Impact of the Mexican electoral system evolution on representation, strategic voting, and democratization

Abstract

This study addresses the impact of electoral systems on representation and electoral behavior. Specifically, I wanted to see the extent to which the evolution of Mexico\u27s electoral system affected the institutional representation and strategic voting. Theories on institutional representation, electoral strategic coordination, and legitimacy are the framework of my analysis. My argument is threefold. First, as the electoral system became more permissive, the institutional representation improved. Second, the one-vote ballot applied in mixed member proportional systems (Mexico\u27s case) discourages strategic voting. Finally, the Mexican government initiated electoral reforms to avoid problems of legitimacy. In general, results confirm my hypotheses. ^ I divide the analysis into four phases: The One-Party System, 1946-63; The Classic Period, 1963-77; The Democratizing Phase, 1976-87; and The Consolidation Era, 1988-2003. I apply both qualitative and quantitative analyses. Results confirm that every electoral reform was associated with socioeconomic crises and problems of illegitimacy. The series of reforms that started in 1977 systematically prevented the opposition parties and voters from coordinating behind a single challenger to the official party. The one-vote ballot system confirms this argument. However, still some people in Mexico vote for a party other than the most preferred one. Therefore, I introduce a model to explain this non-sincere - sincere voting. In general, people having extreme pro non-sincere voting values on three statistically significant variables have about 59.68 percent chances of voting strategically, while those people having the extreme pro sincere voting values have about 68.94 percent chances of voting sincerely. So people in general tend to vote sincerely. My study will help us understand voting behavior in other new democracies having a mixed electoral system with one vote ballot.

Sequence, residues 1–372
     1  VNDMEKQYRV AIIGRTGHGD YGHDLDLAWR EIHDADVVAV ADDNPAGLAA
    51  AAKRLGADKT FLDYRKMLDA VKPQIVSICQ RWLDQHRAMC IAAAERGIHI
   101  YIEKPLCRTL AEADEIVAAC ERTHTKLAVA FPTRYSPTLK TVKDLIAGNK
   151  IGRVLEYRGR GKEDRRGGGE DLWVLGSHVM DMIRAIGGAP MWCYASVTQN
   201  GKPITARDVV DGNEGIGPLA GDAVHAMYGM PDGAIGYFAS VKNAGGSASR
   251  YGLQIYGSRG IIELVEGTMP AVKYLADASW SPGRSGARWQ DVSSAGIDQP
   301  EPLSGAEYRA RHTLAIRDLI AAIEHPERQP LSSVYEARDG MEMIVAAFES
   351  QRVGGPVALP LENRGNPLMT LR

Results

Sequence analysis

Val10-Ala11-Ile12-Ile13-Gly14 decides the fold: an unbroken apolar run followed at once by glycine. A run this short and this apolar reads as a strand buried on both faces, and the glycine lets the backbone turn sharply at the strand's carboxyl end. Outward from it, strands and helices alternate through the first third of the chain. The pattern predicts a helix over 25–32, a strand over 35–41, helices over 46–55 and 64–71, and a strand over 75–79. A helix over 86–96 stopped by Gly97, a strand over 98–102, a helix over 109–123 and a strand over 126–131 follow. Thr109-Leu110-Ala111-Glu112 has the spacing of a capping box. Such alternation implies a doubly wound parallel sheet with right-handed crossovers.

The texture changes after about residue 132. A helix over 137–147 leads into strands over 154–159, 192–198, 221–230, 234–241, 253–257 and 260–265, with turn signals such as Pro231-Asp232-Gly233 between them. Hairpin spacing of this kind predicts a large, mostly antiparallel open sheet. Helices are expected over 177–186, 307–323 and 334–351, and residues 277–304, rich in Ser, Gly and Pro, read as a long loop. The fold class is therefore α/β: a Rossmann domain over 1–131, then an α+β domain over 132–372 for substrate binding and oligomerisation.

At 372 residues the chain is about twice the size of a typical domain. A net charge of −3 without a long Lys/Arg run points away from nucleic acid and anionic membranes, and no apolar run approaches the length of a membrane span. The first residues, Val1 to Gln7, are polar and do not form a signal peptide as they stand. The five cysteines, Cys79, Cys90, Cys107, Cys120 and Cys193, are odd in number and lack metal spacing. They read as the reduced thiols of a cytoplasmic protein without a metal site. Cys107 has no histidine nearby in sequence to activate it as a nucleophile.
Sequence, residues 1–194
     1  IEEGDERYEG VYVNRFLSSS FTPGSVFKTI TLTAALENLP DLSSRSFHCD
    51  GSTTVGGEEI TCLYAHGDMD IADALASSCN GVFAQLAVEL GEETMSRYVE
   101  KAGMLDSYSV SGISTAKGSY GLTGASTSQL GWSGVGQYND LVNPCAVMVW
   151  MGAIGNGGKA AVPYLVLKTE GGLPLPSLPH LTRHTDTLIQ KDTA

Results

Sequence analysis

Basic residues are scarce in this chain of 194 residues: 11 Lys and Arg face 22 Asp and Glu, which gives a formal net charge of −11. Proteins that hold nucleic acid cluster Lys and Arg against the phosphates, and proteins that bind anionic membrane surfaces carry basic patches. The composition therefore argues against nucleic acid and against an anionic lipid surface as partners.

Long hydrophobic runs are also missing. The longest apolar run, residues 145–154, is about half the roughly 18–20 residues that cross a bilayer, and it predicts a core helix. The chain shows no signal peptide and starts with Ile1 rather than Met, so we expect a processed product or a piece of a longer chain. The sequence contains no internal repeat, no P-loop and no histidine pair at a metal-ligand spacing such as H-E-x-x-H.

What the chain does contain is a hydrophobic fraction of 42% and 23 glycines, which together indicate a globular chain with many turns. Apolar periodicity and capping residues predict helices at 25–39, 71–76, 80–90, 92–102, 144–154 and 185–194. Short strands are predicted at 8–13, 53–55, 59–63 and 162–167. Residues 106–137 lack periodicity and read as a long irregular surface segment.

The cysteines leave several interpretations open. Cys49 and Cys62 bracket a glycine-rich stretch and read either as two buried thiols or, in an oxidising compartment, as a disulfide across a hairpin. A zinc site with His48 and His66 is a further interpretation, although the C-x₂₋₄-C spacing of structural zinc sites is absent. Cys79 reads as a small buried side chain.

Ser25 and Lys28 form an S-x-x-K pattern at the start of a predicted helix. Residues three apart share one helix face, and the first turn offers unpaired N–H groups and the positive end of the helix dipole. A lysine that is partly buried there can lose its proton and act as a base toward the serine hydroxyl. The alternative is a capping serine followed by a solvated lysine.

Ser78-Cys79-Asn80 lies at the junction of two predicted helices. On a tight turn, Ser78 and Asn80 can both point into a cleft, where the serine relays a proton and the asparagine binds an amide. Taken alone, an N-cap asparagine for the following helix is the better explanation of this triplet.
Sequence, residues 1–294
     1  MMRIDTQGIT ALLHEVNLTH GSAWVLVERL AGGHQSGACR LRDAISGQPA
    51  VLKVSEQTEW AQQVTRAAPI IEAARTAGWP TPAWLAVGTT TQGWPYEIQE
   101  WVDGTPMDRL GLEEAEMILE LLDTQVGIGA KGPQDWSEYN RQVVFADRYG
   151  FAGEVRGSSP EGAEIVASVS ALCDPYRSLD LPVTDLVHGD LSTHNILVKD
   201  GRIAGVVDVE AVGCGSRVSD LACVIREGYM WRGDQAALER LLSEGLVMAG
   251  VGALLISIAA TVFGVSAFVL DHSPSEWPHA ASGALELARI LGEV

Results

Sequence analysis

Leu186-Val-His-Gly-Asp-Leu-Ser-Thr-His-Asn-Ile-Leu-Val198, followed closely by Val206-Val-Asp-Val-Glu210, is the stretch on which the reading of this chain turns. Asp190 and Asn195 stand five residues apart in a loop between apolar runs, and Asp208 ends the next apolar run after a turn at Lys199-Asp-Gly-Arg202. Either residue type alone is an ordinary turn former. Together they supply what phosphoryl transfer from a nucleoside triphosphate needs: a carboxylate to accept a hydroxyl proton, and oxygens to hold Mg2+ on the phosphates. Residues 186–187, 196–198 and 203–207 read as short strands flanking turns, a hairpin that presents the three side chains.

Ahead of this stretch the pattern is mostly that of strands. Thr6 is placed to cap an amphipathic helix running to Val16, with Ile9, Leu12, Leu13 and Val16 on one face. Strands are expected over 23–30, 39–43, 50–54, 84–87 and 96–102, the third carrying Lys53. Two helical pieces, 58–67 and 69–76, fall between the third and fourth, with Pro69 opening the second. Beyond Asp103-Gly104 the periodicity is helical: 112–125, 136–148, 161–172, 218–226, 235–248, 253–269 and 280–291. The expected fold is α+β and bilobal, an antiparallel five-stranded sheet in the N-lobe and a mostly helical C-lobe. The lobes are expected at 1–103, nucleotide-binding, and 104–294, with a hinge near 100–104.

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oai:opencommons.uconn.edu:dissertations-3589Last time updated on 4/18/2020

This paper was published in OpenCommons at University of Connecticut.

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